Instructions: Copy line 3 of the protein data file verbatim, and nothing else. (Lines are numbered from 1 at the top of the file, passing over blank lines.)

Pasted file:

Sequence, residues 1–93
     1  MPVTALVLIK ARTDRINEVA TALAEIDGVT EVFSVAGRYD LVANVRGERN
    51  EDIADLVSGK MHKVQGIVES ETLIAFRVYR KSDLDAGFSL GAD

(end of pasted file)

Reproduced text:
    51  EDIADLVSGK MHKVQGIVES ETLIAFRVYR KSDLDAGFSL GAD